Analysis: Peru leader's $11.5 billion gas project faces snags
By Patricia Velez
LIMA (Reuters) - Peru has abundant natural gas reserves, but President Ollanta Humala's $11.5 billion plan to use them to transform the country's underdeveloped south is facing mounting hurdles.
The U.S. shale gas revolution, left-wing guerrillas who operate near Peru's gas fields in the jungle, and difficult negotiations with energy firms have dragged the expected finish line for Humala's flagship project far past his 2016 term limit.
The delays underscore the risks of making natural gas plans, especially in an emerging era dominated by cheap U.S. shale reserves, causing some investors to reevaluate projects in Peru.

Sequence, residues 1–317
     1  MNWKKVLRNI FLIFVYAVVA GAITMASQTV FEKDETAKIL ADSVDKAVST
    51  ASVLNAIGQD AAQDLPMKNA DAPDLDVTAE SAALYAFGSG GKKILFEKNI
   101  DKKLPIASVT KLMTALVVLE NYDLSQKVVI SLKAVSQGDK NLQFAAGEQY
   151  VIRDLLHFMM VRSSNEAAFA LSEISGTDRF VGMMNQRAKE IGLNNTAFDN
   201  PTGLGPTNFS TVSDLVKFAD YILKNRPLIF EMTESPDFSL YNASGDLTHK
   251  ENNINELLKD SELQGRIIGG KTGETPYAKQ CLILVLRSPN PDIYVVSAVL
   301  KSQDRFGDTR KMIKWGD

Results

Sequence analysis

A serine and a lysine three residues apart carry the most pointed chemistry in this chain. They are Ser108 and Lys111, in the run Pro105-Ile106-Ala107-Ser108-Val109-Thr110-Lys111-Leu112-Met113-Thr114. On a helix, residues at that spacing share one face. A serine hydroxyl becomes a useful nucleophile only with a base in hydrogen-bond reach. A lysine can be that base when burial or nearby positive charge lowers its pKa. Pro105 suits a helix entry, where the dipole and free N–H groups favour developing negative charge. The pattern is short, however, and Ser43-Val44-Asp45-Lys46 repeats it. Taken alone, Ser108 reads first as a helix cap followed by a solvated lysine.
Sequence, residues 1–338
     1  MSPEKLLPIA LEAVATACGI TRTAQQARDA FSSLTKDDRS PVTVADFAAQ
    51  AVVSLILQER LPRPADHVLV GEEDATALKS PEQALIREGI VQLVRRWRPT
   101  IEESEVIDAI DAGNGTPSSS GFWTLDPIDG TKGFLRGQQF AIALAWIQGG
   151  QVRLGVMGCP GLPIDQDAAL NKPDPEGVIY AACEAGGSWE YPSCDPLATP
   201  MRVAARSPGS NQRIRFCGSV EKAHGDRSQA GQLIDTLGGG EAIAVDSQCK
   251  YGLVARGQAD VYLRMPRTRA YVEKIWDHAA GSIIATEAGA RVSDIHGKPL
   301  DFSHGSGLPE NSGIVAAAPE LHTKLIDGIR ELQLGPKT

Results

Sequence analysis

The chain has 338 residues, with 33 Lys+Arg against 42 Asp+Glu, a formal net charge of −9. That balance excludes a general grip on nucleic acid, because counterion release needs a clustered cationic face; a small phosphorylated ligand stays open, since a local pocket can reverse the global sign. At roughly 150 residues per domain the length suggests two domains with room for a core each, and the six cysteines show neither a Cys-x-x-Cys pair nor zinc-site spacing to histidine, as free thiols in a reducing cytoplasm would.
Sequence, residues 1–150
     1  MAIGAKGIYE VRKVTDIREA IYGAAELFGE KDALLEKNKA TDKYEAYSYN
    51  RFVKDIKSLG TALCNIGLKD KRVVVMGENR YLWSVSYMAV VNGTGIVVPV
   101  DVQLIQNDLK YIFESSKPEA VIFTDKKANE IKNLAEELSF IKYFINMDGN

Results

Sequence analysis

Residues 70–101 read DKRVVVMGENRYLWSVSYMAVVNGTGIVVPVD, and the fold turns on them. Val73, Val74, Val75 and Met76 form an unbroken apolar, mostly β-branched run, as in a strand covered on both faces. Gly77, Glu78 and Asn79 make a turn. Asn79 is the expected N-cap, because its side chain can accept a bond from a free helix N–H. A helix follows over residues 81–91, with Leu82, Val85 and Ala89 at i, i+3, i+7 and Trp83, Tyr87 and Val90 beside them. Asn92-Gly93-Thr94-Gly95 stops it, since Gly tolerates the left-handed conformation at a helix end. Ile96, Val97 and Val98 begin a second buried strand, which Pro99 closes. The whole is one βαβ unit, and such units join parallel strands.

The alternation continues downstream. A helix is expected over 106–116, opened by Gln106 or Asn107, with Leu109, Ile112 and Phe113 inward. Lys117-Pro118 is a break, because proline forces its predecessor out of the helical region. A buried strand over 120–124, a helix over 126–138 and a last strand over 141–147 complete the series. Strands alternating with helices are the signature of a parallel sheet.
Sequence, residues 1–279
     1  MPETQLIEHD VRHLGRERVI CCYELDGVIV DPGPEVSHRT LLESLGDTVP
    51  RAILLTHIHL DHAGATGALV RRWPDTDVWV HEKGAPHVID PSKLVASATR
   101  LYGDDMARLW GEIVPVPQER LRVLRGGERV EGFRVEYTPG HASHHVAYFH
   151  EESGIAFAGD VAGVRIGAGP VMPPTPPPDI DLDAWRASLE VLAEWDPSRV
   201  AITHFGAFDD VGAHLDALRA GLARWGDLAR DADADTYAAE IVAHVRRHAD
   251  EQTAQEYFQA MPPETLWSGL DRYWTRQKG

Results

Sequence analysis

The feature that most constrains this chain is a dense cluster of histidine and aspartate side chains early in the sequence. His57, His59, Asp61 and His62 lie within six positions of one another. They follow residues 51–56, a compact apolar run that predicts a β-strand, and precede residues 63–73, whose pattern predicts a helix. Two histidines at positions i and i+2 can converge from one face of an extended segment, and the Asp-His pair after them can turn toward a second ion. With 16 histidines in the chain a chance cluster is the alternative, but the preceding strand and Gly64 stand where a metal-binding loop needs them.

Humala wants to diversify Peru's fast-growing economy with what would be the first plastics plants along the Pacific coast of South America while generating power for new mines and providing Peruvians with cheap fuel.
The plan calls for a $4 billion natural gas pipeline, a $3.5 billion petrochemicals factory and $4 billion in power plants that would rely on Peru's main gas fields, known as Camisea, which have nearly 13 trillion cubic feet of proven reserves.
But two years into his term, no parts of the plan have gone past the design phase. Concessions have yet to be auctioned for the 1,000-km (620-mile) pipeline and power plants, while tough negotiations over ethane supplies for the petrochemicals complex have barely started.
Committed investors are impatient.
"It is not enough to talk about it. Action must be taken," said Sergio Thiesen, the regional head of Brazilian petrochemicals giant Braskem (BRKM5.SA: Quote), which would build the $3.5 billion factory as part of the plastics hub. "Peru has a unique opportunity because it has the resources and the demand." Continued...